Redundancy: How to restore balance
The darkest hour, says Adrian Rose, is 3am. “Having eventually got myself to sleep, I’d wake up again after an hour and just lie there from 3am to 6am. They were what I call my ‘dark times’ because you can’t do anything or talk to anyone.”
The month after losing his job, and his business as a shoe retailer in Edgware, Middlesex, Rose describes as the worst time of his life. “It was four weeks of horror, panic and daily feelings of failure and inadequacy.”
The CBI may have this week predicted an end to the recession by Christmas, but the number of people kept awake at 3am by job worries is unlikely to diminish anytime soon. Last week, experts predicted a “job-lite recovery” in which unemployment continues to rise even as the economy begins to grow again.
Yes, losing a job may be an increasingly common career “event”, something most of us will experience at some stage. But that familiarity doesn’t lessen the psychological pain that often accompanies redundancy. Finding a job in a recession is tough enough. But wrestling with the self-critical voices, doubts and fears in your head can be an even tougher fight. The sudden loss of routine, contact with professional peers, and simply not having a workplace to go to can leave people feeling isolated, depressed and lost.
“I kept waking up thinking, ‘What if I don’t get another job, what if I have to give up the lifestyle I enjoy, what if I become a nobody’,” recalls Janis Knight, who lost her job as an HR manager last month. “Work is a huge part of life and suddenly it’s gone. And not through choice – it’s been taken away.”
Redundancy can feel like a form of identity theft. We might dislike the notion, but in many cases, we are what we do. It’s hardly a modern phenomenon: many of our most common surnames – Baker, Smith, Cooper, Clark, Taylor – we’ve inherited from the occupations of our forefathers.
So while well-meaning friends (we may even have said it ourselves) might advise not getting too upset about it, we shouldn’t be surprised by the growing body of academic research suggesting unemployment should be treated as a full-on psychological crisis.
Richard Lucas, a psychologist at Michigan State University, believes not all of life’s slings and arrows are created equal. When Lucas and colleagues analysed findings from two large studies – one in Britain, the other in Germany – they concluded that, on average, most people adapt quickly to marriage. In other words, within just a couple of years, the peak in the “wellbeing” they experienced around the time of getting married returns to previous levels. People mostly adapt to the sorrows of losing a partner too, though this takes longer – about seven years. However, his study also moved Lucas to speculate that people who get orced, suffer major injury or illness or become unemployed do not, on average, return to the same level of happiness they enjoyed previously.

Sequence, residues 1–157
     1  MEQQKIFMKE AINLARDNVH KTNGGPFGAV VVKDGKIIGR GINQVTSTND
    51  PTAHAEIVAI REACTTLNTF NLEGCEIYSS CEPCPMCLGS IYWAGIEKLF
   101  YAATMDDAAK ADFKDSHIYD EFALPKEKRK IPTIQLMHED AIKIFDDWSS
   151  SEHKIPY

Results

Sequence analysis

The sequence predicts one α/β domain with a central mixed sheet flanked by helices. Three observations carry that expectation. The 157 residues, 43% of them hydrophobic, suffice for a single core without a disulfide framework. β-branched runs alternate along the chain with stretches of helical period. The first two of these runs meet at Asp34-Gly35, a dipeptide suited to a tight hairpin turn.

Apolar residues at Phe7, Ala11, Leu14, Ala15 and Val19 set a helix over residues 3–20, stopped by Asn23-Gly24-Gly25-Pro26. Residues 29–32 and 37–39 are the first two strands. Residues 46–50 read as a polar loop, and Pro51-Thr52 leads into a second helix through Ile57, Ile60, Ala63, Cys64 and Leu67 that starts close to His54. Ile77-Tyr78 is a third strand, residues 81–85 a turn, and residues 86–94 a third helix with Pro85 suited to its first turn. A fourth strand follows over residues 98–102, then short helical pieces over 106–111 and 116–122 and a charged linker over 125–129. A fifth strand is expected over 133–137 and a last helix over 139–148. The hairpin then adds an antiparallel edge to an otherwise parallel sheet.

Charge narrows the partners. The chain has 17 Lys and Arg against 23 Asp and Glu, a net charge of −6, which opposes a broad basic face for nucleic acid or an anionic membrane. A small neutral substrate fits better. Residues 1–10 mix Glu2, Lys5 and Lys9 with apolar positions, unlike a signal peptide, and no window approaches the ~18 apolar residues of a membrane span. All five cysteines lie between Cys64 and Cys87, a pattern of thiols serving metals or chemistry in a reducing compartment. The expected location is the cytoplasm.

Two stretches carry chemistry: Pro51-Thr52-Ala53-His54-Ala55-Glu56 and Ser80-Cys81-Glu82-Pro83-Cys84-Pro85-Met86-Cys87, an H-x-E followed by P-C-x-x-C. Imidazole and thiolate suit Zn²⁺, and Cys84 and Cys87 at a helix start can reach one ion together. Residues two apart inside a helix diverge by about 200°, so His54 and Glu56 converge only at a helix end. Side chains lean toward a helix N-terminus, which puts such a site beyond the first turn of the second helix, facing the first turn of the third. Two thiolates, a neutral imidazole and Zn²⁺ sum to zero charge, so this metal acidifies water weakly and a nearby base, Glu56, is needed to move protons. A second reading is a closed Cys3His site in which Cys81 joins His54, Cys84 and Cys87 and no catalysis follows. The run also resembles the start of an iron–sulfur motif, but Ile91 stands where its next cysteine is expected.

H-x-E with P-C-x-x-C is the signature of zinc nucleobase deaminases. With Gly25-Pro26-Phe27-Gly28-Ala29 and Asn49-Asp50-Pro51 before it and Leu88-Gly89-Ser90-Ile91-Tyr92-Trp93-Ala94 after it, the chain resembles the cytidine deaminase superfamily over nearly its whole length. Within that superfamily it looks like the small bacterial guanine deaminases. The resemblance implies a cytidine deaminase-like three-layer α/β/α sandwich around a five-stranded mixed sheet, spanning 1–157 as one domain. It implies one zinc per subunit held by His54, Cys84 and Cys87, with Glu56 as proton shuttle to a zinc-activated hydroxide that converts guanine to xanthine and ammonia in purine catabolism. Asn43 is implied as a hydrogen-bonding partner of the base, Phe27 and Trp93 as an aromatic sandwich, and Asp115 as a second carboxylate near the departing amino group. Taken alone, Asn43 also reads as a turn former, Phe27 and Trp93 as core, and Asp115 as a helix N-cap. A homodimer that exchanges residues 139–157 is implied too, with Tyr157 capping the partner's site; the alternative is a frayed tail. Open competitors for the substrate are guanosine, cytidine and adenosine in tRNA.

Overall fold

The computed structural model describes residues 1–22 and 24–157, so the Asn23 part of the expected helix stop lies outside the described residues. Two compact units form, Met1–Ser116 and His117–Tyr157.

Six months ago the government announced an initiative where people made redundant can be referred to therapists through a network linking Jobcentres, GP surgeries and NHS Direct.
Much of the therapy on offer is based on what’s called the Kübler-Ross model. Elisabeth Kübler-Ross, a Swiss doctor, published a book in 1969, On Death and Dying, based around her study of more than 20,000 people who had near-death experiences. Her five stages of emotional and psychological response to tragedy and catastrophic loss – denial, anger, bargaining, depression and acceptance – are still commonly used to help people cope with redundancy.
But Dr Brendan Burchell, a lecturer in the department of sociology at the University of Cambridge who has studied data from 300 employees over the last two recessions, thinks the five-stages approach is too catch-all to be of much value in this latest downturn.
“If you look back even to the inter-war depression, there are not dissimilar findings on what happens to people when they lose their jobs. But the reasons for their depression, anxiety and insomnia have changed,” he says. “It used to be that losing a job meant absolute poverty and soup kitchens but now there is a lot of controversy over what is the primary cause of these psychological effects.”
While one school of thought claims financial pressures remain the trigger – so money and what it buys us is the principal reason we work – another body of opinion argues the so-called “latent” benefits of employment are more important: losing the sense of identity, structure, and social contact that come with having a job are more to blame.
“Actually, I think the evidence suggests both are true,” says Burchell. “When someone tells you that ‘It’s important that I provide for my family’, what they’re really saying is ‘Yes, I’ve got to find a job to keep the wolf from the door, but also restore my self-esteem that I am the breadwinner’.”
The scale and depth of this recession, Burchell believes, means that there is less anger among those being made redundant. “There is a strong sense that employers have no choice, so there is less anger directed at employers. And in marked contrast to the recession of the early 1980s, when unemployed workers in many regions, particularly in the northern industrial heartlands, knew that realistically they would never have a good job again, now there is a widely shared belief there will be a recovery – though it might be a year or two before it really …